¬†¬†¬†¬† Amazing,¬†huh?–¬†April Moore
Hawaiian bobtail squid
Monday, April 19th, 2010
¬†¬†¬†¬† Great news!¬†
¬†¬†¬†¬† Trees, those¬†marvelous beings¬†who absorb carbon from the air, who provide¬†habitat for numberless species, who refresh us with their shade and beauty, are¬†doing well in an important way.¬†¬†¬†¬†
¬†¬†¬†¬† According to a new United Nations study, the worldwide rate of deforestation has declined for the very first time.¬† The years 2000-2009 saw a significant drop in deforestation¬†from the previous decade.¬† Deforestation during the 1990s averaged more than 20 million acres of forested land lost per year, compared to 12.8 million forested acres lost annually since 2000.¬†¬†¬†
¬†¬†¬†¬† The reason for this first-ever decline in the¬†deforestation rate, say the authors of the¬†study, is the growth in tree planting programs.¬† In the United States, China, Brazil, Vietnam, India, Indonesia, and in many other countries around the world,¬†tree planting programs have increased forest coverage by millions of acres per year, according to the UN report.¬†
¬†¬†¬†¬† A lower deforestation rate, combined with newly planted forests, “have helped bring down the rate of carbon emissions,” said Mette Loyche Wilkie of the UN Food and Agriculture Organization.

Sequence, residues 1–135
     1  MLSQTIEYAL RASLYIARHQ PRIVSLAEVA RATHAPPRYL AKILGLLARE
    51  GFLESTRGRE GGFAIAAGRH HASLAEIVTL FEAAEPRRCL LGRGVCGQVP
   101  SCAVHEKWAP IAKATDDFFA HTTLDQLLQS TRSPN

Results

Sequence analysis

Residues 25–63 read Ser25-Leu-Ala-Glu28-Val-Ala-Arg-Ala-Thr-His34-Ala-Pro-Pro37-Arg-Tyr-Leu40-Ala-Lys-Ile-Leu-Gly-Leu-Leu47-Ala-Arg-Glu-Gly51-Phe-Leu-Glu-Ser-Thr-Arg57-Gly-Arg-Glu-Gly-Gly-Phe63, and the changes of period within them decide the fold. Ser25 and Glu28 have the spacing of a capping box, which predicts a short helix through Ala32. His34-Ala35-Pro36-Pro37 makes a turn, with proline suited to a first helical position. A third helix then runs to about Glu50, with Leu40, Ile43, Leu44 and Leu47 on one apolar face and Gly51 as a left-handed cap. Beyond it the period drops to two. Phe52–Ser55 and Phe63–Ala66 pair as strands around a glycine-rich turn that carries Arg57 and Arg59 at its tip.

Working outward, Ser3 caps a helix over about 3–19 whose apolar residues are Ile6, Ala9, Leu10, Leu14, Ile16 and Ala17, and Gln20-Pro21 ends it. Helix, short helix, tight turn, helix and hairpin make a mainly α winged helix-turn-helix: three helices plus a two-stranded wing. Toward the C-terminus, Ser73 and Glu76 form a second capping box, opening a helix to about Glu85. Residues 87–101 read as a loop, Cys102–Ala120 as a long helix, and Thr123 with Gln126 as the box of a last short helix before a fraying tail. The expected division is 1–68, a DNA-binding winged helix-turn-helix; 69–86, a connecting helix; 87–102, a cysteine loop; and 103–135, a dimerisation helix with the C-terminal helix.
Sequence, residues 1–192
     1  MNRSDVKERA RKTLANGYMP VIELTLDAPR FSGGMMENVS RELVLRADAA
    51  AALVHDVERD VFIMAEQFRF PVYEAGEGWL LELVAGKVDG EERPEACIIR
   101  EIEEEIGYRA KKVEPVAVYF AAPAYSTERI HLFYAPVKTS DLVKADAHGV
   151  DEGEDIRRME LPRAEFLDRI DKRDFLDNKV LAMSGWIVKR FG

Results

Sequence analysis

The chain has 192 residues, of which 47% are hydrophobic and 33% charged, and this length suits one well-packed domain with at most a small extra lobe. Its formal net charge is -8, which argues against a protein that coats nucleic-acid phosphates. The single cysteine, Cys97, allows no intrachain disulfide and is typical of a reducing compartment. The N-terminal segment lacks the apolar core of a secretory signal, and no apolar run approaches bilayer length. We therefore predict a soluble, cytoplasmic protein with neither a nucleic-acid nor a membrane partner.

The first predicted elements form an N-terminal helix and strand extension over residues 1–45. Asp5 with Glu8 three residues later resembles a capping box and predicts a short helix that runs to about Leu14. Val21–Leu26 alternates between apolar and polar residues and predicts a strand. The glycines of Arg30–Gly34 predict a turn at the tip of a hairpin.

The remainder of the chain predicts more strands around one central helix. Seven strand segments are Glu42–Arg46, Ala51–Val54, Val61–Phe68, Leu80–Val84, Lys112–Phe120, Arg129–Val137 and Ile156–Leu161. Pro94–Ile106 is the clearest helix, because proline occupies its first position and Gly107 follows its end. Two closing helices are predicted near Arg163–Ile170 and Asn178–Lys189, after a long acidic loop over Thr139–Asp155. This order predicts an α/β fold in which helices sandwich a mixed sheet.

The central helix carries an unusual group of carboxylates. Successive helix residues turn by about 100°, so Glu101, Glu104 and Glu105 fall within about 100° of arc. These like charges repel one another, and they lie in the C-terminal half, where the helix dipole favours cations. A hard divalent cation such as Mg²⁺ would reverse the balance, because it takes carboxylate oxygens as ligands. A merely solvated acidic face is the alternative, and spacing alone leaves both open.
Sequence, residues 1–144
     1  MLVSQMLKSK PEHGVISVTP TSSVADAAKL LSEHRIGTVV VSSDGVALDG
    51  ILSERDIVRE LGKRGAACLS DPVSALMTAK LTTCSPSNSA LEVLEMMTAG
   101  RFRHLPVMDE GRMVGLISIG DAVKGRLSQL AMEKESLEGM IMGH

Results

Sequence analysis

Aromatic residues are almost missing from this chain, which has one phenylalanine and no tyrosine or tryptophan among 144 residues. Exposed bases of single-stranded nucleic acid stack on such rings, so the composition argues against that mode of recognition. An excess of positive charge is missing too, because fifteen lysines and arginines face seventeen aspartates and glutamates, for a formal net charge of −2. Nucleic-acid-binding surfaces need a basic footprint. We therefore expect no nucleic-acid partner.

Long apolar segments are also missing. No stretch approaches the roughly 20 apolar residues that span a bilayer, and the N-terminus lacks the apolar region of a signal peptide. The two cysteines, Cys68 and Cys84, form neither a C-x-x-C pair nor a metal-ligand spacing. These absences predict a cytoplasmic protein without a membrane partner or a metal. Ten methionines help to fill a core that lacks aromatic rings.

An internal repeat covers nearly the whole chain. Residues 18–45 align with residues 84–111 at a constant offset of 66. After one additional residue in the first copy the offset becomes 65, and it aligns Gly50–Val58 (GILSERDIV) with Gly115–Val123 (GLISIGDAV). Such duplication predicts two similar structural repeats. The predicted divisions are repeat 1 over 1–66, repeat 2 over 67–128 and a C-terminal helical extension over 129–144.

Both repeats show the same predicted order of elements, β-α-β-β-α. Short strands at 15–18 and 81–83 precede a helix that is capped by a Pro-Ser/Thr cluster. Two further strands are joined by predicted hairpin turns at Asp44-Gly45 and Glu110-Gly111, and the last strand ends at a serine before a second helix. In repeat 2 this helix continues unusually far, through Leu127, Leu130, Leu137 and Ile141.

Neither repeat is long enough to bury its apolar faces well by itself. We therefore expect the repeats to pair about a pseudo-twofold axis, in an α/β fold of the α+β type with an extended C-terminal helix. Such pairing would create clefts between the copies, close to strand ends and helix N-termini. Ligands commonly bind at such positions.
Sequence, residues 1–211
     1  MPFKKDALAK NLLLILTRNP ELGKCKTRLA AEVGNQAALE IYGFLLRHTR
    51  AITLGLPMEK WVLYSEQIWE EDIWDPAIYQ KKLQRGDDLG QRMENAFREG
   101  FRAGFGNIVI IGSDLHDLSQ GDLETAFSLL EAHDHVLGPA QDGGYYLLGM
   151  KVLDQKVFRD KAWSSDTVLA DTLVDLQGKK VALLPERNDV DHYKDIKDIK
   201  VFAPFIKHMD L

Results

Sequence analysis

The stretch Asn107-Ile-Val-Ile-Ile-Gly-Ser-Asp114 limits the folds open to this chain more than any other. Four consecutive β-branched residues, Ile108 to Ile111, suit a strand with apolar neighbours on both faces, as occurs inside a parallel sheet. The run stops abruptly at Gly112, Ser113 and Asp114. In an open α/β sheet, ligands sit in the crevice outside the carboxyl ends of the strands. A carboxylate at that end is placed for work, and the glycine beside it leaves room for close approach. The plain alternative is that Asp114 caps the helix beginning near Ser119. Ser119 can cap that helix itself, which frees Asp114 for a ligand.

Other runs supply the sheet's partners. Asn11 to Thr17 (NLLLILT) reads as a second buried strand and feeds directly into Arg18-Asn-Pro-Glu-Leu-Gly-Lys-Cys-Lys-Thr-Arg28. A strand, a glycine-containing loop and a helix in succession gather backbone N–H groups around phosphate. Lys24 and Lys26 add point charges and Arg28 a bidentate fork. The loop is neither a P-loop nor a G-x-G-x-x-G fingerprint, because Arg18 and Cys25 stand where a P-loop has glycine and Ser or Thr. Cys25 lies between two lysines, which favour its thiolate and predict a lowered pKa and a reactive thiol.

¬†¬†¬†¬† Despite this excellent news, researchers are concerned that deforestation rates will again start to climb.¬† Scientists point out that global warming is devastating millions of acres of trees, as¬†warmer temperatures¬†lead to more insects and more damage to trees.¬† Another concern is that some replanting programs are scheduled to end in the next few years.¬†
¬†¬†¬†¬† Yet another worry is agriculture.¬† UN scientists are studying the impact that clearing millions of acres of forest for crops and livestock¬†has on deforestation.
¬†¬†¬†¬† I raise another concern.¬† I have read that some tree planting programs are not well-planned, with biodiversity and the complexity of a healthy forest in mind.¬† Planting the wrong¬†tree species or too few species¬†of trees may¬†make for a much less healthy forest system than the original forest cover.
¬†¬†¬†¬† Still, the fact that forest cover on the planet is increasing, rather than decreasing, is ample cause for¬†celebration.–April Moore
photos by Andy Schmookler
Friday, April 16th, 2010
¬†¬†¬†¬† I confess;¬† I am a worry wart.¬† Sometimes¬†at night, a thorny problem looms large and keeps me awake. ¬†Last night was such a night, and so I arose this¬†morning feeling tired.¬†
¬†¬†¬†¬† I knew just the antidote.¬† I got¬†dressed¬†and walked down into the forest.¬†¬† Low in energy, I simply lay on the ground.¬† The earth supported me, and slight breezes touched my forehead and hair.¬† Immediately I was soothed.¬† All that had bothered me during the night softened and faded into the background.¬†¬†
¬†¬†¬†¬† Calmed and happy, I gazed upward.¬† In the high, high tops of the chestnut oaks, little, yellow-green leaves¬†fluttered and waved in the sunshine.¬†¬†How new they looked, with their diminutive size and yellowish color.¬†¬†There is indeed something special about¬†leaves when they are young, fresh out of the bud, before they have reached their ¬†darker green, summer maturity.¬†